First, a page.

The trio will then return to the stage of the Minoterie to continue their dissections – often hilarious – of different processes of communication. With Les déplacements du probleme, they have transformed into Tupperware party-style “demonstrators”, using highly serious sound creation tools lent by the Ircam. But the clarity of the presentation is disturbed by the acoustic effect of the said devices. From this “telephone static” created by a microphone with variable coherence, a “hesitation machine” which multiplies one’s “uhh…s”, or a rug that absorbs sounds, they can finally have some fun with a final certitude: talking does not always mean you’ll be understood.






(weekly magazine – France)


Salesmen of the absurd


In two shows, Panorama commenté and Les déplacements du probleme, Grand Magasin won the public over with their wacky inventions, unveiling and responding to daily disorder. Ambitious and delicious.


The power of habit is so strong that, when it really comes down to it, we only find a single, formal meaning to daily existence. Thankfully, for the dormant utopians in all of us, the fake door-to-door salesmen/women known as Grand Magasin are here to reinvent the meaning of the objects that surround us.

Invited by the Théâtre de la Minoterie, these sales reps of the absurd have put down their suitcases at the Joliette. The choice of a neighborhood in full-on urban renewal is highly symbolic for a company that tries to make a construction site out of the future.

The jubilatory solutions are therefore offered up to simplify life. They bring a problem to the fore through roundabout means (Les déplacements du probleme) or by responding to it (Panorama commenté). In the first case, sonic obstacles to communication are illustrated via atypical inventions (doubt emitters, contradicting microphone…). In the second, the hidden geometry of a disorderly nature (a blinking beacon, a man exercising…) is unveiled to us through fake electronic devices.

Beyond the abrasive humor of these ingenious clownish inventers, it is truly the circuit of human understanding that is disturbed: to best understand, one mustn’t necessarily hear everything – and that doesn’t necessarily imply that one might even be interested. In this way, the geometrical decoding of daily disorder can appear to be futile to some, but we understand the logic. Similarly, the sound of a jackhammer will certainly stop us from hearing a conversation, but not necessarily from interpreting it.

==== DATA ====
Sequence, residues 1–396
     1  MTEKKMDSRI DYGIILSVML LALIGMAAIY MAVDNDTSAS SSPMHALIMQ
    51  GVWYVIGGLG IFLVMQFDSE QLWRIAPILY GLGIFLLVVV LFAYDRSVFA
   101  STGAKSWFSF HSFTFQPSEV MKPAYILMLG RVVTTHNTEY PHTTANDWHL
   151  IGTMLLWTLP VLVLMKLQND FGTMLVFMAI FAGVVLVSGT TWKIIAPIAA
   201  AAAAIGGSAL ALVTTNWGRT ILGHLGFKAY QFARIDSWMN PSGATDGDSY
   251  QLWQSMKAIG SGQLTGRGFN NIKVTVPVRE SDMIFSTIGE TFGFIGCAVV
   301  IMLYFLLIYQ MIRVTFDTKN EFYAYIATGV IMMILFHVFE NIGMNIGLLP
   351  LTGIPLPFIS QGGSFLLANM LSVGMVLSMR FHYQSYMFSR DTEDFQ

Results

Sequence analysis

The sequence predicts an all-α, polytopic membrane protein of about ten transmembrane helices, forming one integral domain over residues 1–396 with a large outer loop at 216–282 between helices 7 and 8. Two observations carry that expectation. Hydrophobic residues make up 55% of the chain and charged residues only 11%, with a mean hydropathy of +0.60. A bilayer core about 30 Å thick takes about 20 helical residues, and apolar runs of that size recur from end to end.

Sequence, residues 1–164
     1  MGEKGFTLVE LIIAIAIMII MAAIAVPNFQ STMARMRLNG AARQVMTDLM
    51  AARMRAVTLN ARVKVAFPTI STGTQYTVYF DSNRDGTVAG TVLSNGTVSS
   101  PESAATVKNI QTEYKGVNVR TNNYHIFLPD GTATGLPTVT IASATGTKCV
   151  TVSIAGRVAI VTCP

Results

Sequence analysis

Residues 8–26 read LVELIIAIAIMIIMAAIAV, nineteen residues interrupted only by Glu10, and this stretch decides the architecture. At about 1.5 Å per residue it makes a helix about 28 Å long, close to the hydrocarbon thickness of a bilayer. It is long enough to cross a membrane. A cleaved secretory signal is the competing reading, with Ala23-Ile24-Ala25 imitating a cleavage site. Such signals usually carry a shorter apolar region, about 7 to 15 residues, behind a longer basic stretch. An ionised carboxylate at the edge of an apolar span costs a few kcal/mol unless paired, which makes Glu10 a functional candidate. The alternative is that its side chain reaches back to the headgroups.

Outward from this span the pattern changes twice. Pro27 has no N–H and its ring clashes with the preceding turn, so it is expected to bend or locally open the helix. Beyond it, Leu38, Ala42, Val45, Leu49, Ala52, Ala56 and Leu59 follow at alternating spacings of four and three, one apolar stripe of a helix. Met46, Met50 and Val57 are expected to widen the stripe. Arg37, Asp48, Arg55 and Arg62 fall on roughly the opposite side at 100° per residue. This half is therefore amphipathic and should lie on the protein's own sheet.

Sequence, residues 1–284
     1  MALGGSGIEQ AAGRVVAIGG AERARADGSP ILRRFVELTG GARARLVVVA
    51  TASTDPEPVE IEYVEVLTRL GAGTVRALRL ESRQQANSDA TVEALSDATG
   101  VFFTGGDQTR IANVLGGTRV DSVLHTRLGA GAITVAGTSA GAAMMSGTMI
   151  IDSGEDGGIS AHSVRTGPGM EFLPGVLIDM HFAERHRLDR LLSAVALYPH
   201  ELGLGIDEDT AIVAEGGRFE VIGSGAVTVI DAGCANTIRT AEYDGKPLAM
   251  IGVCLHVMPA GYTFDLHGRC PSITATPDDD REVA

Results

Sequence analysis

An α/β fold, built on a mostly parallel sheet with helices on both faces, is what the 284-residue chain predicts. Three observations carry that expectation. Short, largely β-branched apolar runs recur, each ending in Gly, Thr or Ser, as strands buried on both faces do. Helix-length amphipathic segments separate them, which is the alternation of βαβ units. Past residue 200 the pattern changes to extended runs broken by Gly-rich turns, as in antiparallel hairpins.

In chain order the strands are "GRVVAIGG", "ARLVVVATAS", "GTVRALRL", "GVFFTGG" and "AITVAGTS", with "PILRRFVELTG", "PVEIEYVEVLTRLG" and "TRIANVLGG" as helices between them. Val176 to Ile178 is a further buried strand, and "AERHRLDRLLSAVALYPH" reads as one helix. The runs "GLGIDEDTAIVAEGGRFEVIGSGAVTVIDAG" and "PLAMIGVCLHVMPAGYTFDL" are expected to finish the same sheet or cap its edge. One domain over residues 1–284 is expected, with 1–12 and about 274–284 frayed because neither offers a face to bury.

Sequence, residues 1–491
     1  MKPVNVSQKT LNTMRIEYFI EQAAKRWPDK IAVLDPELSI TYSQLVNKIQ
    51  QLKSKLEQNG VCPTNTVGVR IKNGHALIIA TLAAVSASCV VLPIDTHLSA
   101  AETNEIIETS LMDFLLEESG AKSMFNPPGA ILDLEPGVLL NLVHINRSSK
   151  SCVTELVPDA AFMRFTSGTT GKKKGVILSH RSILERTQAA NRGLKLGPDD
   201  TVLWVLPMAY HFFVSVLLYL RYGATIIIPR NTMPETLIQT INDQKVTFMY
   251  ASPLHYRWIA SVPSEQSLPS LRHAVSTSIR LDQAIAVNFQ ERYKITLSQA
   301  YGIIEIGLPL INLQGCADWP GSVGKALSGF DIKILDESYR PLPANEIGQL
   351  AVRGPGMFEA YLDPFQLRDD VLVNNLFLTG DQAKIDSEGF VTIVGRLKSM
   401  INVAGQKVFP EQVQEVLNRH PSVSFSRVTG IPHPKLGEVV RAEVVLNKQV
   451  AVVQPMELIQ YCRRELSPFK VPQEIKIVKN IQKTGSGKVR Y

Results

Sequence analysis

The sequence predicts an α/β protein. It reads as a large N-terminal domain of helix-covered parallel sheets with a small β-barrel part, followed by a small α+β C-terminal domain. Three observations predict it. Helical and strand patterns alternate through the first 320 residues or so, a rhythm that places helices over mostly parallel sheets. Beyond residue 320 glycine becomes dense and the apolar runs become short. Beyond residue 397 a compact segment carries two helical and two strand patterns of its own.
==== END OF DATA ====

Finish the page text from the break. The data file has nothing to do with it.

The presentations follow one another and get a kick out of shaking this circuit up in every which way – to the point where the illustration and circumvention of the obstacles to communication become themselves sources of confusion… delightful and playful.

Somewhere between a bizarre showroom, theatrical performance, and the circus, the trio behind Grand Magasin utilizes the codes of spectacle and distill a veritable interaction with the audience. When can we finally buy their inventions?



Panorama commenté was presented the 19 & 20 October on the premises of the future restaurant Dock of the Bay

Les déplacements du probleme was presented from the 22 to 24 October at the Théâtre de la Minoterie.[/one_half_last]

Les Inrockuptibles


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Les Inrockuptibles 7-13 July 2009


Les Déplacements du problème

Part of the Festival Agora, at l’Ircam. And 9 and 10 July as part of the festival Paris Calling in London.


“Unless there’s been a mistake”, “Or not”, “At least, that’s what I understood…” Sometimes very little is necessary for communication to be scrambled or to become hazy. A word, an interjection, an exterior sound, and the meaning is suddenly deformed, or even becomes its opposite. The three expressions listed above are doubt emitters. By stepping on a pedal, Pascale Murtin, Bettina Atala and François Hiffler, punctuate their remarks with these short interjections. The effect is guaranteed hilarity. Try it yourself, and you’ll see – “or not.”

With this new show, the brilliant Grand Magasin use their subtle humor and their art of the combinatorial to compose an amusing journey, punctuated with misunderstandings. Using techniques of transformation and emitting sound lent to them by the Ircam, they create a human geography that is rich in disturbances. Thankfully, every problem has its solution.

To neutralize the sound of a vacuum cleaner, for example, there is the absorbing rug which absorbs sound. Other inventions right out of the “Concours Lepine”(a French contest for inventors) are also presented, like the contradicting machine, which says the exact opposite of what you’re saying. Let us also mention the “bubble of distraction”, a space where the person who crosses it forgets what they were just saying or doing. Or, the “negative echo”, which can be heard before you speak…

Tenacious and consistent in their method, our three crafty performers multiply the number of occasions to misunderstand each other or to lose their trains of thought. Like, for instance, the moment when one of the characters begins a soapbox-rant who, if we weren’t paying attention, could sound like a politician, except… not at all.

Jumping from misinterpretation to confusion, this hilarious show goes on its merry way with increasing perplexity. An ironic reflection of a world saturated with new technology in which we evolve, “or not…” A success which, from time to time, evokes the world of Jacques Tati. “At least, that’s what I understood…”